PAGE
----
Categories
Firefighting

Time, reps, and a whole lot of sweat.

Lex Shady

Anyone who knows me well, knows that for me just “doing the job” is not enough. I’d say at bare minimum I want to be competent, but minimum standards are a trip hazard. I want to put in the work to be a “good” fireman one day. Someone that can help pass on everything taught to me, to the next generation. There is only one path to get there. That’s time, reps, and a whole lot of sweat.

There’s obviously only one way to get the time, and that is to put in the years on the job. But what better way to put in the reps and sweat than investing your time in training with humble and hardworking firefighters. Personally, there is absolutely nothing more motivating or clarifying than spending time with other like minded individuals. Having the opportunity to listen to, train with, and learn from some of the most talented firefighters in the industry is an opportunity I’m not going to pass up.

This weekend I was able to fit in a quick trip to New York to the First Due Training Conference. (If you didn’t go, you missed out and should go next year.) It was yet another incredible training experience. The conference offered both lectures, and hands on. After the first day was a Tactics on Tap discussion, which if you don’t know what that is, is a bunch of firemen sitting around telling stories. Most of which are hilarious. For the hands on portion, I took the Truck class, and the group of instructors was one of, if not the best, I have had. Everyone was knowledgeable, and answered every student’s question with tricks they’ve learned from their experiences. They took time to work with each individual student, showing them various techniques, and gave specific suggestions on how to keep improving. They also gave advice on how to implement the training and props at your own department. The class was essentially divided into three parts: rotating skill stations, exploring the city and talking ladder placement, and several evolutions of live fire.

I’ve learned a lot from attending trainings and conferences over the last several years, and some of the best stuff I’ve learned has come from simply listening to people talk. If quality training from high caliber instructors isn’t enough reason for you to get outside of your department, below are a few of the other benefits I have found from them:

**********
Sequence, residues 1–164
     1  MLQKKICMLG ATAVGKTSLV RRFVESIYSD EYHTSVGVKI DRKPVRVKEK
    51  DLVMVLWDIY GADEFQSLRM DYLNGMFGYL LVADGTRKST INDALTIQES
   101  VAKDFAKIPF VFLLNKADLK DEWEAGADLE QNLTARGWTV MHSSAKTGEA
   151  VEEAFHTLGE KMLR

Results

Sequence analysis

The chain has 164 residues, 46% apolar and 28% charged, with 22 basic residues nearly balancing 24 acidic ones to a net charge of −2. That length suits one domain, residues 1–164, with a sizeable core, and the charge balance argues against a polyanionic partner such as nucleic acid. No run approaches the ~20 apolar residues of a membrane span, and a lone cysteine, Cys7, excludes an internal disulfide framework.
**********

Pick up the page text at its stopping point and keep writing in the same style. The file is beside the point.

Mentors.

    I’ve talked a lot about this before, because I think it’s so important to your career; but find yourself quality mentors. I would without a doubt, not be where I am today without mine. The experience they have is invaluable, and they are the kind of fireman I aspire to be one day.
    A good mentor is willing to give you their honest opinion based on their experiences, and can be a voice of reason when you need it. However, if you’re going to request their time, you need to be willing to consider what they’re saying, even if it’s not something you necessarily wanted to hear. You never know who you may meet at a conference that would be willing to mentor you during your career.

Networking.

    Now, I don’t mean walking up to every “big name” you see on the or going on a Facebook friend request rampage and asking them to be your friend. I mean making quality connections. Find like minded firefighters from other departments in your area, or even across the country. Firefighters that you would want on your truck with you.
    It will never cease to fascinate me how different firefighting is across the country, yet departments have many of the same personality types or morale issues. I’m a firm believer there is something to be learned from everyone. Take the time to ask people questions, and really listen to their answers. Doing this has made a huge difference in my career.
    I’ve been fortunate enough to make some great connections literally across the country, many of these people I would never had met if I hadn’t attended these types of courses.

Friendships.

    Some of my best friends have come from Twitter and/or various conferences. Find people who are invested in the job, and who are constantly trying to better themselves. Find people who won’t sugar coat the truth for you, and who you can count on to help you keep moving forward when it feels like you’re knee deep in the mud.
    When I’m annoyed that I’m struggling with a certain technique or learning a new skill, one person will say, “you don’t know what you don’t know.” …not that it makes me feel better but it is true, and it’s the clarity I need to focus. Essentially, you didn’t know it, you know now, move on.